The Enid News and Eagle, Enid, OK

Z_CNHI News Service

January 10, 2014

Obamacare surprise: More Medicaid means more trips to the ER

(Continued)

“A lot of them don’t have a steady job, they don’t have a steady place to live, they may have drug or alcohol problems, and about all they can think about is getting through the day. They don’t make appointments. Thinking about next week or next month might as well be 10 years from now,” one hospital executive told me. That was about 30 years ago.

Jonathan Gruber, a professor of economics at the Massachusetts Institute of Technology and one of the architects of Obamacare, has apparently been aware of this all along. He told the Washington Post recently that promises of savings made by people like Sebelius were, “sometimes a misleading motivator for the Affordable Care Act. The law isn't designed to save money. It's designed to improve health, and that's going to cost money."

Gee, nice of him to acknowledge that now. I don’t recall him disputing either Sebelius or the president during the intense debate over whether Obamacare was going to save money.

Oregon officials contend that since 2008, when the patient sample was studied, they have cut the use of ERs with better patient management. But that has required putting “community health workers” – in essence, health-care babysitters – in hospitals to divert patients with non-emergency problems to a less costly setting than the ER. This, they say, will “train” them to do it on their own. Good luck with that.

Meanwhile, there isn’t much discussion about what happens if they get diverted to a doctor who doesn’t take Medicaid.

Everybody should be provided with health care. But in some cases – millions of them nationwide – handing them an insurance plan is not the best way to do that. It certainly is not the way to save any money.

That is something people like Gruber knew – and should have acknowledged – up front.

Taylor Armerding is an independent columnist. Contact him at t.armerding@verizon.net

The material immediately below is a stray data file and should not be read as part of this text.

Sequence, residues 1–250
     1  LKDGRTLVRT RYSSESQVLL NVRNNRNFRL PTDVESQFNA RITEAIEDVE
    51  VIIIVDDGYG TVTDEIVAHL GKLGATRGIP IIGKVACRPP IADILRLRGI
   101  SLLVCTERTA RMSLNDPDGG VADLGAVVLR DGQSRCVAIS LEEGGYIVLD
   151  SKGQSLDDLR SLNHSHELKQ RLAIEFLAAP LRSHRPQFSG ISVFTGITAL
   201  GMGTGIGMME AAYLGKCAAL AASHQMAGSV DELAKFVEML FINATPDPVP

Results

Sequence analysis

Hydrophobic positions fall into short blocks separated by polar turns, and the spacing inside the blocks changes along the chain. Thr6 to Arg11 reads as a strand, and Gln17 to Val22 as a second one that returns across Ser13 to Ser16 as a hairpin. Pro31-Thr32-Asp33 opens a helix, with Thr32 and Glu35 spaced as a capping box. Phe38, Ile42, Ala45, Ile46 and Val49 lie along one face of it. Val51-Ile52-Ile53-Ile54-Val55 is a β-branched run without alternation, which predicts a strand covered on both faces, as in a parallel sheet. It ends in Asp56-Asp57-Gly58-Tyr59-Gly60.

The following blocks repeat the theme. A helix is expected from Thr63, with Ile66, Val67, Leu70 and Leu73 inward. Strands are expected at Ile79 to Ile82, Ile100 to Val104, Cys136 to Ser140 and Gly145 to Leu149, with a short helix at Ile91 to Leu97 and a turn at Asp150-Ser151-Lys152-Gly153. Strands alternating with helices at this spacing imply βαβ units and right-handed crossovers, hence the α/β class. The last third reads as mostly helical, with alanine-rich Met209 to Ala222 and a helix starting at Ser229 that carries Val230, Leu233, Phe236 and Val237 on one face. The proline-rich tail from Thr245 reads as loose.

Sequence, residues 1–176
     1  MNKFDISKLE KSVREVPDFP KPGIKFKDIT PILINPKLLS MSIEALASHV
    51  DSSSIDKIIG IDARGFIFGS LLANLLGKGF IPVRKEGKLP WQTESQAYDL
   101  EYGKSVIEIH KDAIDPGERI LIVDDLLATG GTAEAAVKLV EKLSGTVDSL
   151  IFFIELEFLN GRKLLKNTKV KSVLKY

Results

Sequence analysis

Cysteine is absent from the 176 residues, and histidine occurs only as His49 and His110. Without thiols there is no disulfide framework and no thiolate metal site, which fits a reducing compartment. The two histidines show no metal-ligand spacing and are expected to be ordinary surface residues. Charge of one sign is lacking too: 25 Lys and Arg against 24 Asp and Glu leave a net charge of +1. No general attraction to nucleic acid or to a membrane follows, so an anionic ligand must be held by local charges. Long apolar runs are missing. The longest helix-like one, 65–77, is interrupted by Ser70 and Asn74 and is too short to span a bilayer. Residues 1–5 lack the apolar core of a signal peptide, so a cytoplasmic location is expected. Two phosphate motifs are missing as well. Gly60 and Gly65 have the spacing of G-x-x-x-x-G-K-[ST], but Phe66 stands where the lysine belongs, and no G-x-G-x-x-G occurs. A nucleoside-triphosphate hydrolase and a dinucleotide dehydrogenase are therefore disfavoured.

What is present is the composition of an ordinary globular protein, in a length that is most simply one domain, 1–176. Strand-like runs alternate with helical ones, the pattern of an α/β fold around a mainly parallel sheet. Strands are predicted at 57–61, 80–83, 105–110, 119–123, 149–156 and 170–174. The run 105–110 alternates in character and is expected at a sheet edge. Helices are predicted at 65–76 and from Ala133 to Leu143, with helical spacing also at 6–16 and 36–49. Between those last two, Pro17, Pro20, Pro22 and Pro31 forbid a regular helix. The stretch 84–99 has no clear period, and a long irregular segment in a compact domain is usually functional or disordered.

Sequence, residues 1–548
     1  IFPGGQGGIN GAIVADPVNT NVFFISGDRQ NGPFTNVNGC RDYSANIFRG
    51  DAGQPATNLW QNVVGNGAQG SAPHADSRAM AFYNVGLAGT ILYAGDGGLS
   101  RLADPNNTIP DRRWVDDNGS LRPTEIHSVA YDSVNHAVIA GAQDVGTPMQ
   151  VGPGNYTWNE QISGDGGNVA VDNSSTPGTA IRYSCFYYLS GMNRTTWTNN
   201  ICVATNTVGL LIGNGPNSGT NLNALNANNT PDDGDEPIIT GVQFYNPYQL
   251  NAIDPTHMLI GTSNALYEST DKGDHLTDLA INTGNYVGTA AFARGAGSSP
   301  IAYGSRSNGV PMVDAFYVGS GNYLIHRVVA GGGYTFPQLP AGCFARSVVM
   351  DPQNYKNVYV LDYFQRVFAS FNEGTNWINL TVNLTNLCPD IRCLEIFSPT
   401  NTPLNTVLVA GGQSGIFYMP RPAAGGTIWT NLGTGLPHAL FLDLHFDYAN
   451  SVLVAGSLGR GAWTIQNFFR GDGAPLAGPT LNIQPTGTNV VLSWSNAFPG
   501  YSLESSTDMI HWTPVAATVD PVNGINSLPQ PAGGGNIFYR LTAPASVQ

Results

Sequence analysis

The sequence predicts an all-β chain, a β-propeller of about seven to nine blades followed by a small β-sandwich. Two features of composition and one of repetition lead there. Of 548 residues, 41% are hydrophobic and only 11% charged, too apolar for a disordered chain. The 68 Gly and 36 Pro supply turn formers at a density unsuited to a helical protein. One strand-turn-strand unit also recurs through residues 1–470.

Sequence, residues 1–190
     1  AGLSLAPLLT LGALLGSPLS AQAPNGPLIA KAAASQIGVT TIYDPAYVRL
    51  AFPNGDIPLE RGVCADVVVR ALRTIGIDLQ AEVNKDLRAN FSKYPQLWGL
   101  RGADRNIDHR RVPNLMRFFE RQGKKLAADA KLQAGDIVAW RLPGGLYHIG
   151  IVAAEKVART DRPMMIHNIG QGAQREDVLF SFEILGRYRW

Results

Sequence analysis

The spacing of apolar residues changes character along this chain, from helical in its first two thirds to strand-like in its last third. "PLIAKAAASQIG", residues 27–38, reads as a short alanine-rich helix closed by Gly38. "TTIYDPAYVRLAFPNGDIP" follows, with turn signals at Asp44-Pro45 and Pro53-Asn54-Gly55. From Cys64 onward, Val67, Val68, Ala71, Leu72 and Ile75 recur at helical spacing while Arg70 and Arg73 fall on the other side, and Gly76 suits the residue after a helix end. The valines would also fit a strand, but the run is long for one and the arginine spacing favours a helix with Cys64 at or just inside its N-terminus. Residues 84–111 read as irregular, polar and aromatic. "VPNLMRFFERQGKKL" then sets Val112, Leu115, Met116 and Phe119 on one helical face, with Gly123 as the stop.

Text Only
Z_CNHI News Service
  • Dangerous Darkies Logo.png Redskins not the only nickname to cause a stir

    Daniel Snyder has come under fire for refusing to change the mascot of his NFL team, the Washington Redskins. The Redskins, however, are far from being the only controversial mascot in sports history.  Here is a sampling of athletic teams from all areas of the sports world that were outside the norm.

    July 28, 2014 3 Photos

  • 'Rebel' mascot rising from the dead

    Students and alumni from a Richmond, Va.-area high school are seeking to revive the school's historic mascot, a Confederate soldier known as the "Rebel Man," spurring debate about the appropriateness of public school connections to the Civil War and its icons.

    July 28, 2014

  • Fast food comes to standstill in China

    The shortage of meat is the result of China's latest food scandal, in which a Shanghai supplier allegedly tackled the problem of expired meat by putting it in new packaging and shipping it to fast-food restaurants around the country

    July 28, 2014

  • wd saturday tobias .jpg Stranger’s generosity stuns Ohio veteran

    Vietnam War veteran David A. Tobias was overwhelmed recently when a fellow customer at an OfficeMax store near Ashtabula, Ohio paid for a computer he was purchasing.

    July 28, 2014 1 Photo

  • Screen Shot 2014-07-28 at 1.33.11 PM.png VIDEO: High-dive accident caught on tape

    A woman at a water park in Idaho leaped off a 22-foot high dive platform, then tried to pull herself back up with frightening results. Fortunately, she escaped with only a cut to her finger.

    July 28, 2014 1 Photo

  • CATS-DOGS281.jpg Where cats are more popular than dogs in the U.S.-and all over the world

    We all know there are only two types of people in the world: cat people and dog people. But data from market research firm Euromonitor suggest that these differences extend beyond individual preferences and to the realm of geopolitics: it turns out there are cat countries and dog countries, too.

    July 28, 2014 1 Photo

  • HallofFameBraves.jpg Hall of Fame adds businesslike Braves, Frank Thomas, managers La Russa and Torre

    Atlanta Braves pitchers Greg Maddux and Tom Glavine, and their manager, Bobby Cox, dominated much of baseball during the 1990s. This weekend they went into the Hall of Fame together.

    July 27, 2014 1 Photo

  • Brother sues W.Va. senator over business loan

    U.S. Sen. Joe Manchin's brother claims he's owed $1.7 million that he loaned to keep a family carpet out of bankruptcy in the 1980s.

    July 25, 2014

  • How spy agencies keep their 'toys' from law enforcement

    A little over a decade ago, federal prosecutors used keystroke logging software to steal the encryption password of an alleged New Jersey mobster, Nicodemo Scarfo Jr., so they could get evidence from his computer to be used at his trial.

    July 25, 2014

  • Russia's war on McDonald's takes aim at the Filet-o-Fish

    Russia said earlier this week that it had no intention of answering Western sanctions by making it harder for Western companies to conduct business in Russia.
    But all bets are off, apparently, when you threaten the Russian waistline.

    July 25, 2014